Denis Lavant

Denis Lavant

A vein bulges in the arm of Galoup, sergeant of the Foreign Legion in Africa, while he makes his bed with habitual precision, stretches the sheets, and puts things in order, but not before preparing his weapon. That fibrous, bulging vein, light but intense, takes us to the smallest place from which Denis Levant expresses himself: his blood. And from there to his veins, to his muscles, to him. His body, and the experience of it, is one of the gifts given to us by the French actor, starting with his debut in Boy Meets Girl, where he played Alex, a sort of alter ego to director Leos Carax.

For Lavant, the body, that final frontier, is a mark, a place, and a destination. From Carax*@@*s Alex, to Korine*@@*s Chaplin, to Kim Ki-duk*@@*s Emile or the Tsai Ming-Liang*@@*s passerby. The skin is the language of Lavant, who has worked with directors without dominating their voices, maybe without saying a single word, because the skin and its disturbing gaze are capable of communicating the most diverse states and feelings. With Anton in Tuvalu, he seemed to have found a piece that defines him: the guardian of a tradition that is currently imploding. He*@@*s there, up, down. There. Lavant*@@*s time is a present that contains all possible times.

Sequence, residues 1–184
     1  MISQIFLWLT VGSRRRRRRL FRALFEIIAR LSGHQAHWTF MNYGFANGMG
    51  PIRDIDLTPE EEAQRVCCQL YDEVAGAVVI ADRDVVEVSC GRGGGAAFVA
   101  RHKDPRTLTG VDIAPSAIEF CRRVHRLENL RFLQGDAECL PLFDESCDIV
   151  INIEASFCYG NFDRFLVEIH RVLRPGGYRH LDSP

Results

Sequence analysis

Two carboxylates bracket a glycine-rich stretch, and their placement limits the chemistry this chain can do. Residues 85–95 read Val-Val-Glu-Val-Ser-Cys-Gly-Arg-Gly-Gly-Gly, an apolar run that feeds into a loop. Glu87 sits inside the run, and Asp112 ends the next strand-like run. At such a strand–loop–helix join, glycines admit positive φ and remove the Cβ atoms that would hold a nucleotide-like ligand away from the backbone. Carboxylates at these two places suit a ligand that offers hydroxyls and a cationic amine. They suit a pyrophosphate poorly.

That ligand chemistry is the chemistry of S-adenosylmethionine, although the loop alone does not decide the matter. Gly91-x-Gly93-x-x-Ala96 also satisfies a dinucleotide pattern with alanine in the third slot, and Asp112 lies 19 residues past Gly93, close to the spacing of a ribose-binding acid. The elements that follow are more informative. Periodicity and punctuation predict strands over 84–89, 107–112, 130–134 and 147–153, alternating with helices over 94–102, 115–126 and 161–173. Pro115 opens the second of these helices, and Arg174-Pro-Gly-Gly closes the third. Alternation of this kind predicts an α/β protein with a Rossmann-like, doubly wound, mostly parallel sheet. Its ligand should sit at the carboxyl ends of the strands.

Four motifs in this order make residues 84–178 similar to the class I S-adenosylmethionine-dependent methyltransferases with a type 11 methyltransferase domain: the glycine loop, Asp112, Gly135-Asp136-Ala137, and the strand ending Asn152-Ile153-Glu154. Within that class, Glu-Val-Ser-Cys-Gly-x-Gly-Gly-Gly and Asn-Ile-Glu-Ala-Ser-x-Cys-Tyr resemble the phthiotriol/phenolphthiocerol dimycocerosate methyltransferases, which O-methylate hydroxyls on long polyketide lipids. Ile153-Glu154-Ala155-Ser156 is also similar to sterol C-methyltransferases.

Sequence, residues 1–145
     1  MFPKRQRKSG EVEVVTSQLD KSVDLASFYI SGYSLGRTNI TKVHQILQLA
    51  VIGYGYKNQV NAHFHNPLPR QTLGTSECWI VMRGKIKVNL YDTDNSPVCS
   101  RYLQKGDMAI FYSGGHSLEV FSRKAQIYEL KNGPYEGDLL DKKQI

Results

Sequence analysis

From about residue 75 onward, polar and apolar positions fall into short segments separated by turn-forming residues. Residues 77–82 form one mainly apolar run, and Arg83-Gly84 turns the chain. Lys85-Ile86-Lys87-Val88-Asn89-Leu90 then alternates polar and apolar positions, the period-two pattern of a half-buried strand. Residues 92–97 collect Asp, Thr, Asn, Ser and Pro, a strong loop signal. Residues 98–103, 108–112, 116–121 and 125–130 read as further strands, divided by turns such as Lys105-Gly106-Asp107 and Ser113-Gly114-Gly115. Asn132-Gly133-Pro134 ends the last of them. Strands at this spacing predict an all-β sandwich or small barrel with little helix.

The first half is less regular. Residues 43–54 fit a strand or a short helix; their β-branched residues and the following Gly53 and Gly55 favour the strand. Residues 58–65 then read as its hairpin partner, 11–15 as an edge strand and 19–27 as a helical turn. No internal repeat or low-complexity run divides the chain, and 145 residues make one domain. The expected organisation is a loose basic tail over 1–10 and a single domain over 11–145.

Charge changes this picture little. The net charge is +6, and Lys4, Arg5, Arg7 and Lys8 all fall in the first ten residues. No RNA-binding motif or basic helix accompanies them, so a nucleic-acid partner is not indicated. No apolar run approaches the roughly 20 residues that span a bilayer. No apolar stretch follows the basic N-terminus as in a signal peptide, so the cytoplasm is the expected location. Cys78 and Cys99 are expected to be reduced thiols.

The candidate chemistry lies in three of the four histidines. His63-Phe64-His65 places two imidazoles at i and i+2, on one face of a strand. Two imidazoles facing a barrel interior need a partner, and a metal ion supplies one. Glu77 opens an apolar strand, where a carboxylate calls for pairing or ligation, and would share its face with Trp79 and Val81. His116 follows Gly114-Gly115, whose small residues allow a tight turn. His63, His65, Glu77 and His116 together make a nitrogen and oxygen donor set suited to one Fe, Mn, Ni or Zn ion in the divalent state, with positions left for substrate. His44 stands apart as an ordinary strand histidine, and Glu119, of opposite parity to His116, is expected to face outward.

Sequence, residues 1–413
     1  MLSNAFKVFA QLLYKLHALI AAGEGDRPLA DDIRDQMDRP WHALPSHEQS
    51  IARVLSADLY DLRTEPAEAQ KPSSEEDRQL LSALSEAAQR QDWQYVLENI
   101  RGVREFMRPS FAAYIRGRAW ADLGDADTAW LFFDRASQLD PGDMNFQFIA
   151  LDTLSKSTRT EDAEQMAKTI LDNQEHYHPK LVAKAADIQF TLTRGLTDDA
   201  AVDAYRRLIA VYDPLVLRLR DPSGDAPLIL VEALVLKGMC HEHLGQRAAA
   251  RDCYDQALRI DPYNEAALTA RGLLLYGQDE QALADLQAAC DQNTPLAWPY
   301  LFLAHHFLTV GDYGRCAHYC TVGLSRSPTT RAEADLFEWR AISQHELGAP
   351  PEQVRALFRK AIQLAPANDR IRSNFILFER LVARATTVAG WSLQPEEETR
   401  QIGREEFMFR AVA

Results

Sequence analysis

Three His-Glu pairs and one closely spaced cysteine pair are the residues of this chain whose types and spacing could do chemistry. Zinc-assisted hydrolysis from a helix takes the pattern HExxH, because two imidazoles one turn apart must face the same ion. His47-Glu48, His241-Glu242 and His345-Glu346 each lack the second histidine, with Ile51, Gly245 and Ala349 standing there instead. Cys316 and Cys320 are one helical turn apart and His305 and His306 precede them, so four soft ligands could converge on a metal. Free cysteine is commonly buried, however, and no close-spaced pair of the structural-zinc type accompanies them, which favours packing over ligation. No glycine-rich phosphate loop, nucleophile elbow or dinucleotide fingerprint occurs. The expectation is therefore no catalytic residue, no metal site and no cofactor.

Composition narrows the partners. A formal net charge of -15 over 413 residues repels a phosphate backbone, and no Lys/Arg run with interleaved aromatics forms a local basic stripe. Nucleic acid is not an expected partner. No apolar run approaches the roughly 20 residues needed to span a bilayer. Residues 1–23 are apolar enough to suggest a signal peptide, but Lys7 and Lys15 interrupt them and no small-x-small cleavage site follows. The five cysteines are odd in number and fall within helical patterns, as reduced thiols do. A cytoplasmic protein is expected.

Neither his characters, nor him, nor his directors have been afraid of disorder, not just in their stories, but in themselves. Holy Motors, without a doubt, is a movie that condenses Lavant*@@*s thespian presence and his relevance to film. Monsieur Oscar changes, transmutes during each of his appointments, which he carries out flawlessly just for the @**@beauty of acting@**@. It is the body, as a stable and mutable center of representation, that drives, not just the actor, but the film itself. One lone truth left by this film, in an era where artifice is part of reality: the presence of a body, the presence of an actor, is the thing that remains stable in an image.

Inspiring and indelible, this essential actor, emotive and gifted with enormous technical skills that he has taken from slapstick comedy, acrobatics, dance, or street art, is characterized by a careful rigor when choosing his parts, which he lives so intensely because that is the only way for them to penetrate us so strongly. Like every great artist, nothing that is human is foreign to Denis Lavant, and thanks to his generosity he has broadened within us the limits of tenderness, desire, mistery, and especially beauty.

The tribute to Lavant and his presence in Cartagena is possible thanks to the support of the France-Colombia Year 2017, the French Embassy, the Institut Fran├žais and Unifrance.